creep.  Now, for the first time in his career, his stand on the
diaries had put him on the side of conventional opinion.  It was not
his style and he found it disconcerting.

"He had also begun to have genuine doubts about the wisdom of the
uncompromising line he had adopted.  He had been shaken by the sheer
quantity of _Stern_'s archive when he had seen it in the ZDF studio on
Tuesday night.  Perhaps there _was_ a genuine set of Hitler diaries
somewhere, which had served as a model for the forgery in his
possession?  One of his objections to the _Stern_ material had been
that Hitler had suffered from Parkinson's Disease in the final weeks
of his life.  Now he had to admit, having seen them, that the final
entries did slant sharply to the right, as if oblivious to the lines
on the page -- a classic symptom of Parkonsonism.  And finally, there
was the fact that the diaries did not contain any evidence to suggest
that Hitler was aware of the Holocaust -- _Stern_ might help
substantiate the thesis of _Hitler's War_.

"Irving told Heidemann that he was on the point of changing his mind. 
He had given an interview to the BBC that morning announcing his
reservations.  Heidemann asked him when it would be broadcast.  Next
Wednesday, replied Irving.  'Heidemann,' he wrote in his diary, 'urged
me to say it _now_ as Peter Koch is going on television in New York on
_Monday_ with his counter-attack.'  Irving promised to think it over."
[Harris, 338-339]

"David Irving spent the day [May 1] sending out invoices to newspapers
and magazines, billing them for his work attacking the diaries'
authenticity.  Shortly before noon, a reporter from the _Daily
Express_ rang to ask if it was true that he was suing the _Sunday
Times_ for failing to pay him his commission for putting them on to
the Hitler diaries.  'Not suing,' replied Irving, 'just asking.'  He
then told him to 'hold on to his hat' and gave him what he modestly
described as 'the story of the day':  that he now believed the diaries
were genuine.

"The _Express_ ran the story in its early editions, and at 11 p.m. a
sub-editor from _The Times_ rang to ask if the report in the _Express_
was correct.  Irving said it was.

"_The Times_ immediately put it on its front page.

"The following morning, as _The Times_ in Britain announced Irving's
belief that the diaries were genuine, _Der Spiegel_ appeared in
Germany carrying his assertion that they were fakes.  'Hitler's Diary:
Find or Forgery?' was the title on the magazine's cover;  the contents
left little doubt of _Der Spiegel_'s opinion as to the correct answer.
It was a devastating assault, attacking the _Stern_ scoop for 'bad
German, bad punctuation and banality'.  _Der Spiegel_'s reporters had
tracked down the SS man who discovered the Boernersdorf crash and
using his testimony they picked Heidemann's research apart."  [Harris, 344]

"The events which would eventually turn Friday 6 May 1983 into 'Black
Friday' as far as the participants in the diaries affair were concerned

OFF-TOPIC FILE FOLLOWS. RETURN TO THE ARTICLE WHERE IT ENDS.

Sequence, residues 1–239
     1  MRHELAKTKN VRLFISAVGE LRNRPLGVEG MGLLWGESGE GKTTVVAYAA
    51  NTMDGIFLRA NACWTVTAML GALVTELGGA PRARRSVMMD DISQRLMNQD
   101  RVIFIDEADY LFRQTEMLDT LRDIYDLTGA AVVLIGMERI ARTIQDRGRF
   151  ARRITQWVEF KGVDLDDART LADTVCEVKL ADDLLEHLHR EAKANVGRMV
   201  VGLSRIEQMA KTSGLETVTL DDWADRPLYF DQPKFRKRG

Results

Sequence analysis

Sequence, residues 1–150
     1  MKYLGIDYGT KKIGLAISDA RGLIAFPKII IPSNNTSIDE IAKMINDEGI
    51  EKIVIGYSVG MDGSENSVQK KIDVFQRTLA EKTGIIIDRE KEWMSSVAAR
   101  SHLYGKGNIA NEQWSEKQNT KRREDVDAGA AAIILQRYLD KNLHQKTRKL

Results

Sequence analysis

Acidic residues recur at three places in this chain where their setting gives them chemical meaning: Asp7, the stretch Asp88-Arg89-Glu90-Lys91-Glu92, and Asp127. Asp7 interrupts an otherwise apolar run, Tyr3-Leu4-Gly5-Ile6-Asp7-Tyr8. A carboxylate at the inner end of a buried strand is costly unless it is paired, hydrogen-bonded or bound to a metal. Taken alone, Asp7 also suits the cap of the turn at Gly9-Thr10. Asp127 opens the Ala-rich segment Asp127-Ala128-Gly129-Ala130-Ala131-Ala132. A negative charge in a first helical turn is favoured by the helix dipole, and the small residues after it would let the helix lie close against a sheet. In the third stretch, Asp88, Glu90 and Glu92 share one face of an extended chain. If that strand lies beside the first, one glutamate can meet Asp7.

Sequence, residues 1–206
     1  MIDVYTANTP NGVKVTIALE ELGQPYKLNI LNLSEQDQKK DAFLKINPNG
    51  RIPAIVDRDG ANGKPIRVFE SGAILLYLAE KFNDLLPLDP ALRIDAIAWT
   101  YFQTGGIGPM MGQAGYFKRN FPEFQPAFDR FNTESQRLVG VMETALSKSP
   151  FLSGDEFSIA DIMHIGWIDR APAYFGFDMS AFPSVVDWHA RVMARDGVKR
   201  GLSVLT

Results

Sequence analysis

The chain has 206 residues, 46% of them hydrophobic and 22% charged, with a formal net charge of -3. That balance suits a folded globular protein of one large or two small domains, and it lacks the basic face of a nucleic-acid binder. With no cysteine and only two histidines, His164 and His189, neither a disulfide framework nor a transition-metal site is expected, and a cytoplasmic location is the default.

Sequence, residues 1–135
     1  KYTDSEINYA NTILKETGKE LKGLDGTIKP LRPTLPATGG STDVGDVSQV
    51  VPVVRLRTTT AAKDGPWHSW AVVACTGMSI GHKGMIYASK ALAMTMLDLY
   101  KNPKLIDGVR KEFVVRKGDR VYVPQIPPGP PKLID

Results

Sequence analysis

began at 11 a.m. when the two _Stern_ lawyers, Ruppert and Hagen, turned up
at the Bundesarchiv to see Hans Booms.

"Booms now had full reports from the scientists at Wiesbaden and Berlin. 
Reduced to its basic components, _Stern_'s great scoop had proved to be
a shoddy forgery.  The paper was a poor quality mixture of coniferous
wood, grass and foliage, laced with a chemical paper whitener which had
not existed before 1955."  [many further details of exposure omitted]
[Ibid., 354]

"[The same day] David Irving was in Duesseldorf on another speaking tour
for the DVU when he heard the news from his secretary in London.  It was
a disastrous turn of events.  He hastily dictated a statement for the
press accepting the Bundesarchiv's ruling but drawing attention to the
fact that he was the first person to declare the diaries fakes.  ('Yes,'
said a reporter from _The Times_ when this was read out to him, 'and the
last person to declare them authentic.')  NBC sent a television crew to
interview him after his speech to an audience of right-wing extremists
in the nearby town of Neuss.  'They questioned who I was speaking to,'
Irving recorded in his diary, 'but I ducked the issue.  As I was sitting
down for the interview the whole audience streamed past behind the
cameraman, several of the nuttier of them wearing the uniform and badges
of the _Vikinger Jugend_ [a fanatical sect of young neo-Nazis].
Fortunately NBC did not observe _them_.'" [Ibid., 359]

"In the aftermath of the Hitler diaries affair, David Irving's American
publishers tripled the print run of his edition of the Fuehrer's medical
diaries.  Excerpts were published in Murdoch's _New York Post_ and in
the _National Enquirer_.  But all publicity is not necessarily good 
publicity:  not long afterwards Irving was arrested by the Austrian 
police in Vienna on suspicion of neo-Nazi activity and deported 
from the country;  he is still banned from entry."  [Ibid., 385-386]

                               Work Cited

Harris, Robert. Selling Hitler. New York: Pantheon Books, 1986.